Facebook Director of Product Management Carl Sjogreen revealed that more than 60 million monthly users engage with mobile applications via Facebook, 320 million times per month since the mobile platform launched in October 2011. Sjogreen shared this statistic during a fireside chat with Founder of Inside Network Justin Smith at the Inside Social Apps conference in San Francisco.
[Update 2/9/12 12:47 p.m. – An earlier draft of this story was unclear that the 60 million users who engage with apps on Facebook’s mobile application are monthly active users.]
This means that 60 million users navigate to either mobile web or native applications that integrated with Facebook each month, and these users engage with apps roughly five times per month. With 425 million monthly active users who access the social network via mobile, this also means that roughly 14 percent of Facebook’s mobile users engage with third-party apps directly from the mobile platform. The company has not offered numbers on how many of its 425 million mobile users have smartphone devices that are capable of running third-party Facebook apps.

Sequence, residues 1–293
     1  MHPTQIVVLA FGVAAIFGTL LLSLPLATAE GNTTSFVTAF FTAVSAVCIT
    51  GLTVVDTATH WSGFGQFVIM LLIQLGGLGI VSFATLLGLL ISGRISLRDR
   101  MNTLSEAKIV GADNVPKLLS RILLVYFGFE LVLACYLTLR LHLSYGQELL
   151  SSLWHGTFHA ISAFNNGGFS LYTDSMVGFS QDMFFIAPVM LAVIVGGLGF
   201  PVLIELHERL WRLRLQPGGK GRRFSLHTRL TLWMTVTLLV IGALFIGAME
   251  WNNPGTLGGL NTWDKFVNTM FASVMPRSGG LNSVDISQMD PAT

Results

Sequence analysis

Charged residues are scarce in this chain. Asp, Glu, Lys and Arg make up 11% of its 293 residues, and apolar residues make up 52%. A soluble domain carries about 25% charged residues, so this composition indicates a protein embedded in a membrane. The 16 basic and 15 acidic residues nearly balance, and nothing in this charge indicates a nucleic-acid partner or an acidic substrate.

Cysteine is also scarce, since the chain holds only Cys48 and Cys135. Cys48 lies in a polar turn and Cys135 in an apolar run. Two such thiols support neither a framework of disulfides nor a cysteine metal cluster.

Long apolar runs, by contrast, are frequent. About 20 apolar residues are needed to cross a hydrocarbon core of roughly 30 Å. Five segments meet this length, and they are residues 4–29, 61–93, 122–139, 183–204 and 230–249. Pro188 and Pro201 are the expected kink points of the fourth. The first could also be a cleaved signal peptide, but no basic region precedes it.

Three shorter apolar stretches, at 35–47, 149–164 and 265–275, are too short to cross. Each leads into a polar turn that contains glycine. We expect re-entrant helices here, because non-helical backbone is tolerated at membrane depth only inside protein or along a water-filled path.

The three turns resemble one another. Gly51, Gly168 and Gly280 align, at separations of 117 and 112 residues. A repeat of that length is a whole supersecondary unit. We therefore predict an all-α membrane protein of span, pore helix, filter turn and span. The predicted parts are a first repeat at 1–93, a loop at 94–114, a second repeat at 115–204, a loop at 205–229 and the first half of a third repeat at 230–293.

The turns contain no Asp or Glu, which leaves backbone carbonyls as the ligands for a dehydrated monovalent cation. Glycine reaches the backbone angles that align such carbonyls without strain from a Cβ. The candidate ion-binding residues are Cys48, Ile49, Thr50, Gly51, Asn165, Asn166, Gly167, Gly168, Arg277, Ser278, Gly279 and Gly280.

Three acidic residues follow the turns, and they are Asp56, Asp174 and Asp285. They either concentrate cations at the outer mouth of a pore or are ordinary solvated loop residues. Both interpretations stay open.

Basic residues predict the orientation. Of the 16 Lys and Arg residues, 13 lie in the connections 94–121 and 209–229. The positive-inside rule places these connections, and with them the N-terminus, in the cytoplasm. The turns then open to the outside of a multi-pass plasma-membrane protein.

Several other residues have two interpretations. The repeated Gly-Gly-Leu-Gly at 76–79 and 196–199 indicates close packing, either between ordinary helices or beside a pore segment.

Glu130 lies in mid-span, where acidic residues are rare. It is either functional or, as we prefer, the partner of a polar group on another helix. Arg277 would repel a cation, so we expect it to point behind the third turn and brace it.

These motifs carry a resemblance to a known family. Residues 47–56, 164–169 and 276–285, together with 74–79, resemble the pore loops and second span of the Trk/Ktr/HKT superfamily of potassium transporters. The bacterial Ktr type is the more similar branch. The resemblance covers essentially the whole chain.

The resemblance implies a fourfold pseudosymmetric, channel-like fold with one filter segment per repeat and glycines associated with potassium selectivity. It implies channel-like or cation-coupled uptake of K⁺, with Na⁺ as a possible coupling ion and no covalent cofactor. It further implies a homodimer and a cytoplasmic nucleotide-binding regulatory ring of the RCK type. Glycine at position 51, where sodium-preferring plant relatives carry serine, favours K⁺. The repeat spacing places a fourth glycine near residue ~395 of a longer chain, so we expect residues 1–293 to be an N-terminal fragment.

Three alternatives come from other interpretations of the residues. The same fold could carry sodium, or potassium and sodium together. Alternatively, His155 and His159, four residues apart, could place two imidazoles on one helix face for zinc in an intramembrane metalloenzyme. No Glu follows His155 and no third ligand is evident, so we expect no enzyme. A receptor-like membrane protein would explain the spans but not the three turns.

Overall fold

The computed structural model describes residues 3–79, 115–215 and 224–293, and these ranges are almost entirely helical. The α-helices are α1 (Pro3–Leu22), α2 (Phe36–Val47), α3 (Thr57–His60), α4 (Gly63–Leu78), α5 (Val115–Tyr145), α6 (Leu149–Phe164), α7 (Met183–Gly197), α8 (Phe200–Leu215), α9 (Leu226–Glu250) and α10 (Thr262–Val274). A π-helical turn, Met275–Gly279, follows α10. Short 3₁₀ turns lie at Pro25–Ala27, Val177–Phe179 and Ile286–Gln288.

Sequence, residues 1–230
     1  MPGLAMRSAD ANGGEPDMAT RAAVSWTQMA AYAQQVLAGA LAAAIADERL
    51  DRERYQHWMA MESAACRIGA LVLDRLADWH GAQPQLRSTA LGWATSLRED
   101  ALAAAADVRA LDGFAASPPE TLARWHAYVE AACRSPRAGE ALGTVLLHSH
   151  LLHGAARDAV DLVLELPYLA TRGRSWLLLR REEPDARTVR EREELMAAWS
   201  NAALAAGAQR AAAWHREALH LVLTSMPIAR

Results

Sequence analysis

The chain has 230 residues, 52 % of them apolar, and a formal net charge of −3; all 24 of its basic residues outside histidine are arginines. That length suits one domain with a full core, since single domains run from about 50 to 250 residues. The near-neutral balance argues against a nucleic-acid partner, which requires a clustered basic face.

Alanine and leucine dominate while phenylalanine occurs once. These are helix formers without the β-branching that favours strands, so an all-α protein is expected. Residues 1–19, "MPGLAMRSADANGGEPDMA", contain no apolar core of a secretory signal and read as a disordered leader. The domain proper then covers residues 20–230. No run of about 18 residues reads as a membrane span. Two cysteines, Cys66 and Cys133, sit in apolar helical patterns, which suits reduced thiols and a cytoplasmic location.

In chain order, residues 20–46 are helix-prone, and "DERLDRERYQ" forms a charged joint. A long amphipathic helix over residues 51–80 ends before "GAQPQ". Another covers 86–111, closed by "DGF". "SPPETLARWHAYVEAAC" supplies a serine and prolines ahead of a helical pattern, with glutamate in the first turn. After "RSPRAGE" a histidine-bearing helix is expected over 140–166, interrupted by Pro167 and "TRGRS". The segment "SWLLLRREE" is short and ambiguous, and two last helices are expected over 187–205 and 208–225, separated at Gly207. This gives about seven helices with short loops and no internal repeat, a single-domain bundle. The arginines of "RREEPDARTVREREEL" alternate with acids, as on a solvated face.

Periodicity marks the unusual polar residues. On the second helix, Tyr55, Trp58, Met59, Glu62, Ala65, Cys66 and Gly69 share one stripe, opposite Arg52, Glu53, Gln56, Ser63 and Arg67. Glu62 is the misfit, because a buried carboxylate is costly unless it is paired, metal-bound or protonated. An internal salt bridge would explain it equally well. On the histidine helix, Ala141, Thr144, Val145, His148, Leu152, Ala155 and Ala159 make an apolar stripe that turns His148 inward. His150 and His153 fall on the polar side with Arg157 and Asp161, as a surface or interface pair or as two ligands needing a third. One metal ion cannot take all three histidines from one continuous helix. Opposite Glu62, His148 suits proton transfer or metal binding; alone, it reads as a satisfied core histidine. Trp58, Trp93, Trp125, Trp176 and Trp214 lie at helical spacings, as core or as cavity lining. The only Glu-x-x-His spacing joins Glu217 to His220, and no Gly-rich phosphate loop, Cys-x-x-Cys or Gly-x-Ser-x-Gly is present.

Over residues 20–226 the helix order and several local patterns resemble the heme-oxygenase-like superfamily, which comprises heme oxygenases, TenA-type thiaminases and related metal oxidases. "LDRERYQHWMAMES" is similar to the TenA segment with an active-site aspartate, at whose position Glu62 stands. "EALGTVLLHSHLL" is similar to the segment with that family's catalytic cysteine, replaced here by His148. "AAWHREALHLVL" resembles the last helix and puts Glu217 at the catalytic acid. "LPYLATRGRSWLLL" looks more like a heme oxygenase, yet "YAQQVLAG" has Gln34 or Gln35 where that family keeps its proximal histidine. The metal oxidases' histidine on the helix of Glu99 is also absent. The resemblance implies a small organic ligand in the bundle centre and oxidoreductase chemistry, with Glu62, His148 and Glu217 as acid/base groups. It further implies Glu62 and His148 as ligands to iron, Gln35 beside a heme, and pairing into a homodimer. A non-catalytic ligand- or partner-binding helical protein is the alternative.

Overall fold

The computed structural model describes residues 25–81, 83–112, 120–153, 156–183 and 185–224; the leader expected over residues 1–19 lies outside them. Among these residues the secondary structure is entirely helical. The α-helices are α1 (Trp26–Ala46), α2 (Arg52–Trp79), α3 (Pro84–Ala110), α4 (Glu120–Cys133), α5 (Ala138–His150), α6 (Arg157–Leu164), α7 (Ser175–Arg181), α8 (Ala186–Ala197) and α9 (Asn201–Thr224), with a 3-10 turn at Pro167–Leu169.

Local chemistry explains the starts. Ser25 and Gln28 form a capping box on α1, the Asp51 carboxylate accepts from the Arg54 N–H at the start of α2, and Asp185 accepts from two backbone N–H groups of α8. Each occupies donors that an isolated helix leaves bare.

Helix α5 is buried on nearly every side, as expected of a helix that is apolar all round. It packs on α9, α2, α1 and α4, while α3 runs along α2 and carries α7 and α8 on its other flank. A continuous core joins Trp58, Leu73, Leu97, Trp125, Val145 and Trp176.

When asked about the value proposition of HTML5 to application and app developers, Sjogreen said, “We don’t really care whether developers build for mobile web or native apps,” noting that in his view, the decision is not either-or. Instead, Sjogreen made the point that “The people you want to play with trump whatever the platform the app is on. If your fundmental gameplay revolves around interacting with friends, then being cross platform is really important.”
Many developers face a dilemma. They can develop native apps for iOS and Android, which can include advanced functionality and graphics, but are often more costly and difficult to maintain. Alternatively, developers can build HTML5-compatible mobile web applications, which lack some of the advanced features of native apps, but can accessed on any platform, which significantly reduces development costs and enables all users to access their apps.
Sjogreen’s comments reinforce that Facebook will support all developers, but emphasizes cross-platform compatibility as an increasingly important factor to consider. This makes sense in the context of building social applications where users interact with friends across different platforms and devices. For app distribution and notifications through Facebook to work effectively for users, apps need to be accessible on whichever device an individual is using at the moment they receive a notification or see activity in News Feed or Ticker.
For more coverage of Sjogreen’s fireside chat from Inside Social Apps today, see our liveblog summary here.